While there’s more than enough rock in Granada to climb every day of your trip if you wanted to, even the pros need some rest! One of the advantages of climbing in the Granada province is that there are plenty of other cultural and sporty activities to keep you occupied when you can’t get on the rock.
‘Active’ rest days
First thing’s first, you can practice basically any sport you can think of in Granada: from hiking to canyoning, and water sports on the coast. The region is perfect for mountain biking and cycling, and in winter you can ski, snow-shoe or ice climb in the Sierra Nevada range. The hosts at Solana de Granada (see below) will happily put you in touch with the necessary guides or gear rental services.
Granada is one of the most beautiful cities in Spain and a popular holiday destination among non-climbers. Here you can enjoy live music performances (especially Flamenco), visit Moroccan and Andalusian craft shops, explore cultural sites, eat tapas at one of the many bars - the list goes on…
In Granada, tapas typically are smaller versions of full meals that you get for free with your drink. ‘Going for tapas’ is a true attraction here, and people come from far and wide to enjoy these delicious traditional dishes with their ‘cervezas’.
Granada city centre is well worth a visit for some tapas and culture.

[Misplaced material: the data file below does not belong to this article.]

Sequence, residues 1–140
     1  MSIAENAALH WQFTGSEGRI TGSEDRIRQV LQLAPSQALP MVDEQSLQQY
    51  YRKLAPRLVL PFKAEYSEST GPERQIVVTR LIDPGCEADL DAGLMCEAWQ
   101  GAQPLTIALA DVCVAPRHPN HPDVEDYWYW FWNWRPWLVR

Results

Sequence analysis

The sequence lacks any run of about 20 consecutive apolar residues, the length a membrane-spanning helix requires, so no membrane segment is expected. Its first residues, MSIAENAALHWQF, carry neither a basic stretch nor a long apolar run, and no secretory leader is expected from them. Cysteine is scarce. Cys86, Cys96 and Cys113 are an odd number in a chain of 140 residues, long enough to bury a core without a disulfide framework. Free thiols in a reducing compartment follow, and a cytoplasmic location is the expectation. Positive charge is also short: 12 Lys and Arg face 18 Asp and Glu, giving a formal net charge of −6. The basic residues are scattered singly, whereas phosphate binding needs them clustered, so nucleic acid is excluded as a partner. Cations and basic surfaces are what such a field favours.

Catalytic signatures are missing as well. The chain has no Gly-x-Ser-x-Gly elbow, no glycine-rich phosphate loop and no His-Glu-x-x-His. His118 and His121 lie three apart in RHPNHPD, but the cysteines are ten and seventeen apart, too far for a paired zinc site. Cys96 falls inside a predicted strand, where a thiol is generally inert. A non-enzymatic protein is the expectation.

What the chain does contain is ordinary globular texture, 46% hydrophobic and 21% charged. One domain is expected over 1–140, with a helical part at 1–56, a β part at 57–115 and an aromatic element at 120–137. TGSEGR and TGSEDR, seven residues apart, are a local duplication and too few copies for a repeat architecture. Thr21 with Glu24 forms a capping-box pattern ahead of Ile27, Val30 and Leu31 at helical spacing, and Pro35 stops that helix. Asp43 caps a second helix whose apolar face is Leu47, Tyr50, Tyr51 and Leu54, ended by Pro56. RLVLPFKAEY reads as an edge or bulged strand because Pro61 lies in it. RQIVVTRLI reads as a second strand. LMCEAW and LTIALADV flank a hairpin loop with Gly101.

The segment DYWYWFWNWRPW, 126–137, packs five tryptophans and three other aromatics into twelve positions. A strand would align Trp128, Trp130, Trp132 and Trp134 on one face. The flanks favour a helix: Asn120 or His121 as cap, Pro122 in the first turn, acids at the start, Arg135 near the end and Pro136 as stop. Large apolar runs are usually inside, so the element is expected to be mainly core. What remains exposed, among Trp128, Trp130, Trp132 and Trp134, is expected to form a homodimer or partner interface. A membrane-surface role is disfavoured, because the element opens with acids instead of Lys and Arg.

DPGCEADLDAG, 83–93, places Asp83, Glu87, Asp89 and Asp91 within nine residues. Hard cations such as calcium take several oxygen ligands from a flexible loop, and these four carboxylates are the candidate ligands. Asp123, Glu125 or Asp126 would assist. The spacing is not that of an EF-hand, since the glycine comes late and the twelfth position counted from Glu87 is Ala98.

If you’re interested in some culture, the impressive Alhambra — a medieval Arabic palace and UNESCO world heritage site — is certainly worth a visit. The old quarters of Granada, such as Sacromonte and Albaicin, are a great place for a leisurely stroll with their caves and old houses, and provide incredible views of the city. If you’re interested, guided tours of these areas are available.
South of Granada city, you’ll find the Alpujarras, a very agricultural area set high in the Sierra Nevada mountains. The Alpujarras are known for their incredible nature and stunning ‘white villages’ — definitely worth a visit if you have the time.
You can also relax in hot springs, explore plenty of other historical sites (including Jaen), take a nature tour, chill on the beach, and much much more!
If you’re a hardcore climber, it’s definitely best to come betweenNovember and March, when the conditions are absolutely perfect! With temperatures between 12 to 18 degreesCelsius, you’ll be able to climb in a t-shirt and belay in a sweater.
If you want to combine climbing with more of a holiday vibe, then come from September - October or April-June. Temperatures are higher so you can go for a swim, enjoy dinner outside, but you still have good conditions to climb in the shadier crags.
It’s possible to climb a bit in early june to mid july, in the morning or late evenings, but at this point you’ll want to keep things very laid back :)
Granada is still a relatively unknown climbing area, which means the crags are never crowded and also not too polished. Please remember to clean your shoes before getting on the rock and brush your routes after climbing, so we can keep it that way!